How To Select a SaaS Provider

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As the economy recovers, customers are beginning to look at ways of cost-effectively expanding their offerings. IT solution providers are fielding requests for software as varied as payroll and workforce management suites and online video training. Leveraging a SaaS provider for a best of breed solution and providing added value can be an effective alternative.
Alexandra Arbelaez, Business Development Manager at, explains how to get the most out of a SaaS provider partnership.
-- Jennifer Bosavage, editor

As the economy begins to show signs of exiting the recession, organizations are beginning to start purchasing again. However, companies are primarily still looking to continue to keep costs down and improve overall productivity. In a world of constantly evolving technology, IT solution providers are the source for the most advanced, up-to-date hardware and software to streamline internal and external processes.

With the economy’s increasing health, come clients’ increasing needs. But who offers the means to satisfy virtually all those demands? A number of service-centric IT solution providers are looking to third party software or content providers delivering under a Software as a Service (SaaS) model to increase their overall product offerings. As an example, such applications could include HRIS, payroll and workforce management suites, while content and services may include skills assessments, employment eligibility verification, background checks, benefits enrollment, voluntary insurance programs, and online video training.

VARs are not expected to both deliver and develop these applications internally, so leveraging a SaaS provider for a best of breed solution and providing added value can be an effective alternative. In order to understand how to get the most out of a SaaS provider partnership and address common concerns, this article is broken down into three levels: Business, Content and Service.

Business Level

Just as your client relationships require teamwork, ongoing collaboration, and clearly defined business objectives, so do SaaS provider partnerships. The first order of business is to protect your organization and ensure the most profitable partnership possible at the Business Level. Who owns the client? Who owns the data? Who is collecting revenue? The answers to these questions will be dependent on the type of partnership you enter into.

One type of partnership is considered a referral arrangement. This is essentially co-branding, marketing and reselling a SaaS provider’s application. In this scenario, once a client begins service utilizing a specific application, they’re effectively passed back to the SaaS provider. Although partnership agreements vary, it’s likely that revenue would be tied directly from your client to the SaaS provider. Similarly, since support is typically linked to the organization collecting the money, the SaaS provider would provide technical support. While this partnership may require the least amount of resources upfront and to support, there is also less opportunity to capitalize on a significant portion of the revenue stream, and potential mindshare of maintaining a direct relationship with your client.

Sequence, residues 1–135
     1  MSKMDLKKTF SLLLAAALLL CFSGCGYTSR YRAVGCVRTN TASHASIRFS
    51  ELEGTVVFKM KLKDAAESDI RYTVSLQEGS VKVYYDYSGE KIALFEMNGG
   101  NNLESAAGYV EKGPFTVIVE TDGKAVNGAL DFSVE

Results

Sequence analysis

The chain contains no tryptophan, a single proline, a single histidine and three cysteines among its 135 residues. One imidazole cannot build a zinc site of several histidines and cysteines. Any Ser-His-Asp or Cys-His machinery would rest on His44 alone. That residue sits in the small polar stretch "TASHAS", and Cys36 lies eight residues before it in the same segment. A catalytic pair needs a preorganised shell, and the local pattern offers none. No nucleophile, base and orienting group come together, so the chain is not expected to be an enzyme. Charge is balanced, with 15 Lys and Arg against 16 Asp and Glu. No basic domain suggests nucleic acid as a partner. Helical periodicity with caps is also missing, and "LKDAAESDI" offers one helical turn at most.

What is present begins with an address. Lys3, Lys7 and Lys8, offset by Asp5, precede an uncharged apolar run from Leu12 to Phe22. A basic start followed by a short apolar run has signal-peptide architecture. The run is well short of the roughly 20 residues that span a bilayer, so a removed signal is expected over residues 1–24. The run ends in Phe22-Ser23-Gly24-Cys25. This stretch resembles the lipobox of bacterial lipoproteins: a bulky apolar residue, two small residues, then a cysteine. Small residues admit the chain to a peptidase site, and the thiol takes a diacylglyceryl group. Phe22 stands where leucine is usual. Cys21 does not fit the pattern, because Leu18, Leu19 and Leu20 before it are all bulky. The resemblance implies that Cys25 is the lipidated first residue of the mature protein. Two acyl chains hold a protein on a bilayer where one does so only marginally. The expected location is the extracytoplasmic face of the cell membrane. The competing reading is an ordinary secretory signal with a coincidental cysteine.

A licensing agreement, however, enables you to collect revenue at higher percentages, and may offer more branding opportunities because of the possibility of a private label model, in which you could offer a specific application under your organization’s name as part of a bundled service. If you’re offering a third party SaaS application, it’s likely your provider won’t make money until you make money because of the pay-as-you-go model. Your success is their success. Your failure is their failure.

Who Owns the Client?

Typically, with most licensing agreements in which the VAR pays the SaaS provider for rights to access the application, the VAR determines the pricing structure to sell to clients and in turn, collects revenue directly. Under this scenario, the VAR collects an application usage fee that is significantly more than a referral arrangement would offer.

Since the VAR is collecting the revenue, they will likely collect and handle most support issues as well. SaaS providers commonly train the VAR in the application being licensed so they can provide tier one support to clients directly. That is not an absolute, however, because ultimately the two factors that determine which organization will deal with a particular issue are (1) whether or not it is, in fact, a deeper technical issue, and (2) the level or degree of complexity associated with the resolution.

Who Owns, Protects and Stores Data?

One of the more challenging hurdles when it comes to either partnership with a SaaS provider is data protection and ownership. The party responsible for safeguarding data may very well not be the same party that owns the data. In most cases, your client will own the data.